ZAMBOANGA – Philippine soldiers on Tuesday shot dead an Islamic militant who was wanted for the 2001 kidnappings of three American tourists, the military said.
Suhud Tanadjalin, a member of the Abu Sayyaf group, was killed in a firefight at his hideout on the southern island of Basilan at dawn, said Brigadier-General Nicanor Dolojan, the Basilan military commander.
“We have recovered the body of the terrorist leader,” Dolojan told reporters, but added that three other militants escaped the army dragnet.
The local military said Tanadjalin took part in the 2001 Abu Sayyaf kidnapping raid on the Dos Palmas island resort in the western Philippines, when more than 30 people including three Americans were abducted.
The hostages were taken by boat to Basilan, where one of three Americans in the group, Peru-born Guillermo Sobero, was murdered.
Military operations on Basilan later forced the militants to flee to the main southern island of Mindanao, where a year later another American hostage, Christian missionary Martin Burnham, was killed in a military rescue attempt.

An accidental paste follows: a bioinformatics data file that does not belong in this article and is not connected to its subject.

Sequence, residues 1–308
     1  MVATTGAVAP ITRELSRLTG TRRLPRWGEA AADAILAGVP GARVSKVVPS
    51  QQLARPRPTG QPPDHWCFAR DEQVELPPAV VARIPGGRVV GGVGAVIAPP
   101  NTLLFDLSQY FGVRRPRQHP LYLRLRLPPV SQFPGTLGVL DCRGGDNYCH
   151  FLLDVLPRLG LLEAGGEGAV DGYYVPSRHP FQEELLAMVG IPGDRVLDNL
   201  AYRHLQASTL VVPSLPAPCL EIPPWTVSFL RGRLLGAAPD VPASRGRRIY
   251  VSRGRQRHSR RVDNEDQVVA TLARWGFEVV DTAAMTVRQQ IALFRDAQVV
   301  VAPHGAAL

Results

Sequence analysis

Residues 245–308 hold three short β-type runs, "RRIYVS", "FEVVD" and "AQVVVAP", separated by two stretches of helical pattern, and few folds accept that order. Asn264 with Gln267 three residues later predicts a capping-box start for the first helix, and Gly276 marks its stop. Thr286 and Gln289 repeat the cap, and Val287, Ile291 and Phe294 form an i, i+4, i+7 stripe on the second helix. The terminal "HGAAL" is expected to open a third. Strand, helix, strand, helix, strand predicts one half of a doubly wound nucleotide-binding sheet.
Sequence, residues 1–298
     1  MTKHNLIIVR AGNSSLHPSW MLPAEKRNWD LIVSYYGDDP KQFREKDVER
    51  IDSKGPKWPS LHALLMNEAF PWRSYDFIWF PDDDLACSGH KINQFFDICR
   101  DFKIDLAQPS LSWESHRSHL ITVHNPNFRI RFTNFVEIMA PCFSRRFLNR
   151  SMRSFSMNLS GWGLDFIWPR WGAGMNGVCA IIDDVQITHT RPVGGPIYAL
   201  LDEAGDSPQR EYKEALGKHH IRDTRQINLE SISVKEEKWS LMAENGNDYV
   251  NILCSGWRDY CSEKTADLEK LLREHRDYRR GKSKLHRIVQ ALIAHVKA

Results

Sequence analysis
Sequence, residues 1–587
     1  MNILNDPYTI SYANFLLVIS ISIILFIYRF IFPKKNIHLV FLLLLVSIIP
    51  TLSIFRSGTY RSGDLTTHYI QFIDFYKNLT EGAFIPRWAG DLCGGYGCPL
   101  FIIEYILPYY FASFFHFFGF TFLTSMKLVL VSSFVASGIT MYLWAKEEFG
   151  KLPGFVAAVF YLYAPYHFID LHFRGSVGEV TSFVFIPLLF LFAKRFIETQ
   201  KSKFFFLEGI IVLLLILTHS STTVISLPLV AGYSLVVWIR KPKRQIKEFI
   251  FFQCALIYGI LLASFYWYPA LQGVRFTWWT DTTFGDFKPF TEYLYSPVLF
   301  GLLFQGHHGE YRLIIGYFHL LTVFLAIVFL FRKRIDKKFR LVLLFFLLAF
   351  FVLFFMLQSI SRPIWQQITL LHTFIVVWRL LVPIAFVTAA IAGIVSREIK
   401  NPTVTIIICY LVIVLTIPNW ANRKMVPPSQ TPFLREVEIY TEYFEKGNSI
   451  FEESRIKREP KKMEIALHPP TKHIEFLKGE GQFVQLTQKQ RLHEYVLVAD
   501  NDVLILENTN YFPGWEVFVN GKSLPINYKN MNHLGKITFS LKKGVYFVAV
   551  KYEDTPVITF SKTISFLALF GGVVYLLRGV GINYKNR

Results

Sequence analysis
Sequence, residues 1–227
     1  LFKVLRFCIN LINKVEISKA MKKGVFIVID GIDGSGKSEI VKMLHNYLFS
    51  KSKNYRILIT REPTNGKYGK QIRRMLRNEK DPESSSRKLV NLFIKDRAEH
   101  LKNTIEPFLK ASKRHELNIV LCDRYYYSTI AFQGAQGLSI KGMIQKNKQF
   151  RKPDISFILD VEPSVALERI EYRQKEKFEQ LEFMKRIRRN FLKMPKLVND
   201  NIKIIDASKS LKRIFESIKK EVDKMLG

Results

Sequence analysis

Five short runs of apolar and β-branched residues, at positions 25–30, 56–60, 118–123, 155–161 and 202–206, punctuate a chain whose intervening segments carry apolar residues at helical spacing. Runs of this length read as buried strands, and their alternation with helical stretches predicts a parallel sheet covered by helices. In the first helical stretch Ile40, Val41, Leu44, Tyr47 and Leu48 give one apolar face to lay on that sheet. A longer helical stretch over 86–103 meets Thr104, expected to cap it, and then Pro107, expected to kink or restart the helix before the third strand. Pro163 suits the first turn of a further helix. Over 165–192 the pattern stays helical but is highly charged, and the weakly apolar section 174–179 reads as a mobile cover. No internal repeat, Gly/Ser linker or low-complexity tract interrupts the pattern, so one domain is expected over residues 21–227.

Burnham’s wife was rescued, while many of the Filipino hostages were earlier ransomed off.
The Abu Sayyaf is a small group of Islamic militants blamed for the nation’s worst terrorist attacks and a string of kidnappings. Many of its senior leaders have been killed or are now in jail.
US troops have been stationed in Basilan and other areas of the southern Philippines since early 2002 to train local forces in how to combat the Abu Sayyaf.
But the group, believed to have just a few hundred militants, survives with the support of local Muslim communities and its ability to raise funds with kidnapping-for-ransom stings.
Police suspect the Abu Sayyaf was behind a bus bombing in Manila last month that claimed five lives.
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